This means that there are literally trillions of dollars, accumulated in recent years, sloshing around at the top, undeclared to the IRS.

Income is also not necessarily a good index of the general welfare of the working class, as an individual working class taxpayer’s income will resist dropping below a certain point. For example, once a household’s primary breadwinner stops making enough to pay the bills at a certain job, he or she might take on overtime or a second job, a spouse could take on a new job, and so on to make up the difference. That taxpayer’s income could remain the same or even rise under those circumstances, even while economic hardship was increasing.

An individual taxpayer’s reported income is not necessarily a reflection of wages. A taxpayer’s gross income may reflect wages from his own job or jobs as well as those of his spouse, so an income of $75,000 is not necessarily an indication that the taxpayer holds a job that pays the same.

These circumstances make the capital gains and dividends tax cuts enacted by the Bush administration all the more extreme. Following the sharp decline in the stock market in 2000-2001, the rich found that they had lost a significant amount of money and desperately sought a means to replenish their coffers. In this context, the Bush tax cuts amounted to little more than throwing open the doors to the federal treasury and telling the rich, “Help yourselves!”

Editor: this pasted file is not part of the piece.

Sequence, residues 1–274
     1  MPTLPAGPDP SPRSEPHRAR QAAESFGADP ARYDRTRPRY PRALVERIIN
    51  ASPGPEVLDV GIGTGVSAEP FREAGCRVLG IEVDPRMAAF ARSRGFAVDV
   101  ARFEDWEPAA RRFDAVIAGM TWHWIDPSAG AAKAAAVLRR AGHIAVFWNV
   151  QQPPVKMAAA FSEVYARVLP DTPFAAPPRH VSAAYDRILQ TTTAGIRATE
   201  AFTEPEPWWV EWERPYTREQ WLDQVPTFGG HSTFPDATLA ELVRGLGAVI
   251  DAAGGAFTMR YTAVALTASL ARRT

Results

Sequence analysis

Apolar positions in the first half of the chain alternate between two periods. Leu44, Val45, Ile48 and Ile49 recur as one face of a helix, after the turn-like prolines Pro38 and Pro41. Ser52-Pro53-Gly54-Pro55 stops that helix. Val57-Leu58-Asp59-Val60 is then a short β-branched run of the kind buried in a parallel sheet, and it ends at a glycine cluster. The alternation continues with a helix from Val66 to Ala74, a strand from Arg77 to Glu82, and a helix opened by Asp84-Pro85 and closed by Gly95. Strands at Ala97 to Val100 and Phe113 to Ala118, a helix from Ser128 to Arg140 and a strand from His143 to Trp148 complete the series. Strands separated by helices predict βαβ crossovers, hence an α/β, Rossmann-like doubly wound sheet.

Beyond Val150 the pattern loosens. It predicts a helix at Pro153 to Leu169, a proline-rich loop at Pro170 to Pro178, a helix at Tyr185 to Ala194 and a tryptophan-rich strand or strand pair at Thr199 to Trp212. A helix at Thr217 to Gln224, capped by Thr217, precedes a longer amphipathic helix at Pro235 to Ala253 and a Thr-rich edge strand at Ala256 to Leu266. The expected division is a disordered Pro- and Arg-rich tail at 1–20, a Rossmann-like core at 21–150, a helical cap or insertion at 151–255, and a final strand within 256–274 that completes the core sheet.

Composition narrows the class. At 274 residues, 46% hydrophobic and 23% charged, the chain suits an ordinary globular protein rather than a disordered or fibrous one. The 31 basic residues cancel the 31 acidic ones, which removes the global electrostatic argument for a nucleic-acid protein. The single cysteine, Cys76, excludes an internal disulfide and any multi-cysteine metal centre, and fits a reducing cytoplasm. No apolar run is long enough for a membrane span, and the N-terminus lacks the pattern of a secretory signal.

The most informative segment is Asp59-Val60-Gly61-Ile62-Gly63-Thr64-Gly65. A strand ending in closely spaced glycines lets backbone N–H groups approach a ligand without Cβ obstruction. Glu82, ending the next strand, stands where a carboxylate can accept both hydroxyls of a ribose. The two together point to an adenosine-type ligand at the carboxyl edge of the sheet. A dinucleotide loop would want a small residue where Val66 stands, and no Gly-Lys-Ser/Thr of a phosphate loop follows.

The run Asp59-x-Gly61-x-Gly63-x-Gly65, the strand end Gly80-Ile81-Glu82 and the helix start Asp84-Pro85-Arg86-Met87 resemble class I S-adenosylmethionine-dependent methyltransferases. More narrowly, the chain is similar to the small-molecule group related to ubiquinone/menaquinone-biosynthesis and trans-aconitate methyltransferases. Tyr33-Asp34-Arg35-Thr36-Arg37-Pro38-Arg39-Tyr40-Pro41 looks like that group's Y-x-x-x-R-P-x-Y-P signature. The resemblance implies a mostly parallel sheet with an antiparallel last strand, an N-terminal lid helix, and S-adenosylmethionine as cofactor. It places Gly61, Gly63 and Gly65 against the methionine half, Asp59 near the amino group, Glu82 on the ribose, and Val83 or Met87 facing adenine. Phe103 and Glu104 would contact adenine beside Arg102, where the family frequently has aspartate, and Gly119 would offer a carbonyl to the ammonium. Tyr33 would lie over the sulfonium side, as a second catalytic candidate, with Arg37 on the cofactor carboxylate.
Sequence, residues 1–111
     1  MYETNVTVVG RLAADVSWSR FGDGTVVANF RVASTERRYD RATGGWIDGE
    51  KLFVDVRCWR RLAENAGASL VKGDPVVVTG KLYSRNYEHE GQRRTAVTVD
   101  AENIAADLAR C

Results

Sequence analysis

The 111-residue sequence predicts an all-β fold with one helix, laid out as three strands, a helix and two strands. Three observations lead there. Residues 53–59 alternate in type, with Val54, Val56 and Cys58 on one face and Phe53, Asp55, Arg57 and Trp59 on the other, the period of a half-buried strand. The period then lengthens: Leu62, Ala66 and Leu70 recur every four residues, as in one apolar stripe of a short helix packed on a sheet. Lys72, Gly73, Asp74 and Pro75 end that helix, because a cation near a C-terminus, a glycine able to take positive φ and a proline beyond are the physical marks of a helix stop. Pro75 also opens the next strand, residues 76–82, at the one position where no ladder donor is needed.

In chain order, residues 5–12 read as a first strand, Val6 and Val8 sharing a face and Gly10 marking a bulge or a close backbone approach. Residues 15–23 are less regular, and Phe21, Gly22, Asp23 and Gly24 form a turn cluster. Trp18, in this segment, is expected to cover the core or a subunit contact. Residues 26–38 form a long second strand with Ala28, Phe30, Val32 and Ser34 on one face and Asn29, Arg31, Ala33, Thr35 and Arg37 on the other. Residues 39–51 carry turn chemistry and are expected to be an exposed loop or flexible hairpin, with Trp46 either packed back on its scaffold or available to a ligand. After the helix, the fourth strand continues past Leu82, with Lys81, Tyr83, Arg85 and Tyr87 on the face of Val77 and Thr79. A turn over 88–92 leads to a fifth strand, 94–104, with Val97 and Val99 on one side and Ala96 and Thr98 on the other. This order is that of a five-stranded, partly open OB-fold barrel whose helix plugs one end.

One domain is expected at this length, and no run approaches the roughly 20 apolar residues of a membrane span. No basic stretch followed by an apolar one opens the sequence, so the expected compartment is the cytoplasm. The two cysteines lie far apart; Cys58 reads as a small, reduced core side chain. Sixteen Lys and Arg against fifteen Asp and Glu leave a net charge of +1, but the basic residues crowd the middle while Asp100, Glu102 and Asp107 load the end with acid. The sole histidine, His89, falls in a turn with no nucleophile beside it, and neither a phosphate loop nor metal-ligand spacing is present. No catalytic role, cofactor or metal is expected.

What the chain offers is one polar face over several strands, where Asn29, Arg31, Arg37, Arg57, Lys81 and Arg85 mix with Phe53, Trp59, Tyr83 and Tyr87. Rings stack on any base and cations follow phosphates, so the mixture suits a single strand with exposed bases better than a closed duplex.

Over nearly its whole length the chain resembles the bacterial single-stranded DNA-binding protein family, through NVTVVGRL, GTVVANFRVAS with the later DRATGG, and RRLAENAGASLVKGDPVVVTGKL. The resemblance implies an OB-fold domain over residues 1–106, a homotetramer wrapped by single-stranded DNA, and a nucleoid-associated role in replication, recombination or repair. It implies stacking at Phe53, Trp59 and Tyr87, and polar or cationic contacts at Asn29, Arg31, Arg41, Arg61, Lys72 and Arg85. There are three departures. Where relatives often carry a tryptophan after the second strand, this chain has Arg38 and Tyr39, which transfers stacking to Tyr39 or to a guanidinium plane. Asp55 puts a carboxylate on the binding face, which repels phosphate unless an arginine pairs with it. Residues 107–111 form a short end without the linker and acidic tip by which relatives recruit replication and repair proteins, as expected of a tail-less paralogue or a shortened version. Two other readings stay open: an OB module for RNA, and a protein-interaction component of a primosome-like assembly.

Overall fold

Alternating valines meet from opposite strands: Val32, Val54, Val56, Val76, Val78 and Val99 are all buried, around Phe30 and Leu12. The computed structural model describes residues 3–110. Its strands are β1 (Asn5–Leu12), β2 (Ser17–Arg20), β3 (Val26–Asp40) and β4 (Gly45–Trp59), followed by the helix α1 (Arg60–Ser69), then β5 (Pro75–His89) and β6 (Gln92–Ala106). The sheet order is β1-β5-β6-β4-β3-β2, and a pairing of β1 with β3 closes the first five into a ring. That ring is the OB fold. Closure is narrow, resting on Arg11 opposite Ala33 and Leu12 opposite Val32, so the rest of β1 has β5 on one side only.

According to an August 10 report by Citizens for Tax Justice (CTJ), of the $91 billion in taxes that went unpaid in 2005 as a result of these cuts, more than three quarters went to that 0.6 percent making $500,000 or more. This amounts to a handout of around $81,000 each.

According to CTJ, those making more than $10 million in 2005 received more than a quarter of the handouts—or an average of $1,876,280 each.

By comparison, CTJ reports, the poorest half of American taxpayers, those making $30,000 or less, received an average of $5 each, or 0.4 percent of the total tax breaks. Those making $75,000 or less, which includes the vast majority of the population, received together a total of around 3.2 percent of the tax breaks.

It is worth pointing out that since the Democratic Party took control of Congress following the 2006 mid-term elections, no serious effort has been made to repeal these tax cuts, which continue to channel tens of billions of dollars of government tax revenue into the hands of the rich and super-rich.

According to the most recent tax data, as of 2005 the rich had nearly returned to their 2000 income levels, with the average taxpayer making over $500,000 per year earning approximately $1.7 million. This group of taxpayers in 2005, numbering 828,323—around 0.6 percent of those filing tax returns—hauled in around $1.4 trillion in income that year.

To put the above figure in perspective, the $1.4 trillion in income received by the richest 828,323 taxpayers is roughly equal to the combined reported income of the poorest 81 million taxpayers, or 60 percent of the total number of returns in 2005.

American society is becoming rapidly polarized. For the majority of people, rising gas prices, health care costs and interest rates are increasingly a major source of economic distress. Meanwhile, wages and benefits are stagnating or declining.

At the same time, a small group of individuals at the pinnacle of American society is cashing in on the present economic situation, raking in unprecedented sums of money for themselves.

The raw data from the IRS can be accessed here (http://www.irs.gov/taxstats/indtaxstats/article/0,,id=134951,00.html). The full CTJ report can be accessed here (http://www.ctj.org/pdf/cgdiv.pdf).